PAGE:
I love it when my Dad visits, which he did last weekend. He's a big kid at heart but also an awesome father to my sister and I and grandfather to Murray.
Murray thinks the world of him - we all do, but in Murray's eyes he is nothing short of a hero. The feeling is mutual. Grandpa Doug took part in water fights (the rest of us watched), pretended to be a jungle gym, took Murray on long walks, played endless games of hide and seek, and woke up every morning to cuddle and watch PBS. The two of them read books and sang songs and played Memory. He set up a tent and told the ghost story of the "Blue Bear" and practiced casting with a new fishing pole.
The special relationship that the two of them share brings a flood of my own memories. My Dad and my sister and I have always enjoyed a special bond, (although we were equally close to our Mom. We have great parents.) Dad held my hand when I was in pain, counseled me through fights with my friends, scolded me when I was late for curfew, cried when I went to prom, took me hunting and fishing, and put together my bunk beds when I moved into the dorm. He was there when my Mom was sick and died, helped me through countless heartbreaks, walked me down the aisle, and welcomed Craig to our family. When Murray was born, he was so excited he could hardly speak.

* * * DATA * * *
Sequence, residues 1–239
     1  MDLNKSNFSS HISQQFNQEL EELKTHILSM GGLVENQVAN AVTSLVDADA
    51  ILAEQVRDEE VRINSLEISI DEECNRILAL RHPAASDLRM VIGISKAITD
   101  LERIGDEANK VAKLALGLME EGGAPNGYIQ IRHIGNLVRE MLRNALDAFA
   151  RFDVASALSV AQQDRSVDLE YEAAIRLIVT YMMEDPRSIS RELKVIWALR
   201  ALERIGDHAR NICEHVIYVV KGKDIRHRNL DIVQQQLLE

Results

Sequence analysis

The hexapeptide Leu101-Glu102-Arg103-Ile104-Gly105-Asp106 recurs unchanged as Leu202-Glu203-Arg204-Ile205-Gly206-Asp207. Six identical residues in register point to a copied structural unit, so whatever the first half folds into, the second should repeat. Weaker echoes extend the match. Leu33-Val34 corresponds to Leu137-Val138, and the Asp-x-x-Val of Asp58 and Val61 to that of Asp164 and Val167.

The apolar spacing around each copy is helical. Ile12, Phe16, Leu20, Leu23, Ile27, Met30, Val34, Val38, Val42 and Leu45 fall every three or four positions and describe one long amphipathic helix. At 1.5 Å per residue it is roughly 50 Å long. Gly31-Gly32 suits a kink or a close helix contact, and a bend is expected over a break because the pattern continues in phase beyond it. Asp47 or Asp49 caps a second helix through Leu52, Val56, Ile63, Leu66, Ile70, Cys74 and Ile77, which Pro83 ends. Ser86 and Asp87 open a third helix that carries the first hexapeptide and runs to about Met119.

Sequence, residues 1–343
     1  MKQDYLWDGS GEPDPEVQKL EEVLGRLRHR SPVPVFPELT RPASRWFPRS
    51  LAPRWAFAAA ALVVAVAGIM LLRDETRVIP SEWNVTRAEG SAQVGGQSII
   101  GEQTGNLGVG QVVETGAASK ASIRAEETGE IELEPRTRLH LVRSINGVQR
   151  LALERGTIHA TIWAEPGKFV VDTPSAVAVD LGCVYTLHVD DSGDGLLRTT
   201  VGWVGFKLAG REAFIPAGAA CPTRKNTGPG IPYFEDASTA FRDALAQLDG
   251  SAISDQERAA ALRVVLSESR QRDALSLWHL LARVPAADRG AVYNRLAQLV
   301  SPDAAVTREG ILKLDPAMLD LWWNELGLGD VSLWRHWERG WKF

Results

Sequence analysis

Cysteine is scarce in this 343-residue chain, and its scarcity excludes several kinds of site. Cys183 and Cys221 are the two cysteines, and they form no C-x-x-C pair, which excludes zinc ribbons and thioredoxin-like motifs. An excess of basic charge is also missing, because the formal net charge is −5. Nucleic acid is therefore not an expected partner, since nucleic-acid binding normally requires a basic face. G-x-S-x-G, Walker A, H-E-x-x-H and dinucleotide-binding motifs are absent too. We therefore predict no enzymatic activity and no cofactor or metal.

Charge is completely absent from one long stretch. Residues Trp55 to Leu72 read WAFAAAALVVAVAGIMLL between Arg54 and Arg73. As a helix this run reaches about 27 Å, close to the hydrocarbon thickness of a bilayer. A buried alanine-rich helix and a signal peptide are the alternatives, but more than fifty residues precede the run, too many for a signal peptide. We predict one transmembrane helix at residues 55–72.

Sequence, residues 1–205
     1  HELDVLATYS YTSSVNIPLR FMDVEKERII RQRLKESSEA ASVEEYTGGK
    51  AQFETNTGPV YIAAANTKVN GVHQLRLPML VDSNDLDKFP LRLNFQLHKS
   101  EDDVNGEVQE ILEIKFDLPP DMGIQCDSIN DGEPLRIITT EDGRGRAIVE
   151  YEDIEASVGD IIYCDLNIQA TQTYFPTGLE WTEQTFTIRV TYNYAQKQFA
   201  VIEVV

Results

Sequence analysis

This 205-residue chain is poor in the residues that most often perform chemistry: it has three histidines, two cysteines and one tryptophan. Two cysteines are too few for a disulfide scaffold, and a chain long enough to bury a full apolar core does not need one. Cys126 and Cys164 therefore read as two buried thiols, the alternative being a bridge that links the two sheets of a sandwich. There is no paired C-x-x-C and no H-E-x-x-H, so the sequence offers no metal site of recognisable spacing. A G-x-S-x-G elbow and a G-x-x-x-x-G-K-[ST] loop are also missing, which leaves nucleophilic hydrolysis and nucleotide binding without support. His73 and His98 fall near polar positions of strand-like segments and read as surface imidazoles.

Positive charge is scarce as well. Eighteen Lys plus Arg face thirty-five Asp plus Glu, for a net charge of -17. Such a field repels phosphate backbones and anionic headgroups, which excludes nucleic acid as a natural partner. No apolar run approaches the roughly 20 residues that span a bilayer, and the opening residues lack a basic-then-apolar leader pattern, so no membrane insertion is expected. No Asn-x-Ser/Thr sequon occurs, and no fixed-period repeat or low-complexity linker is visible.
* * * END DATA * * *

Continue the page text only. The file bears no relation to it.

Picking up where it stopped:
The best thing? He still does all of those things for his adult children. When I'm sad, he lets me cry. When I'm mad, he lets me rage. He believes in me and gives me (too much) credit. He gently lets me know if I'm wrong. He adores my sister and I, and wants to help us when we're in need. He has the hands of a worker and the heart of a child; never questioning, always loving.
No family is perfect and ours certainly isn't. We all have our ups and downs and battles to face. But at least we have each other. Thanks, Dad.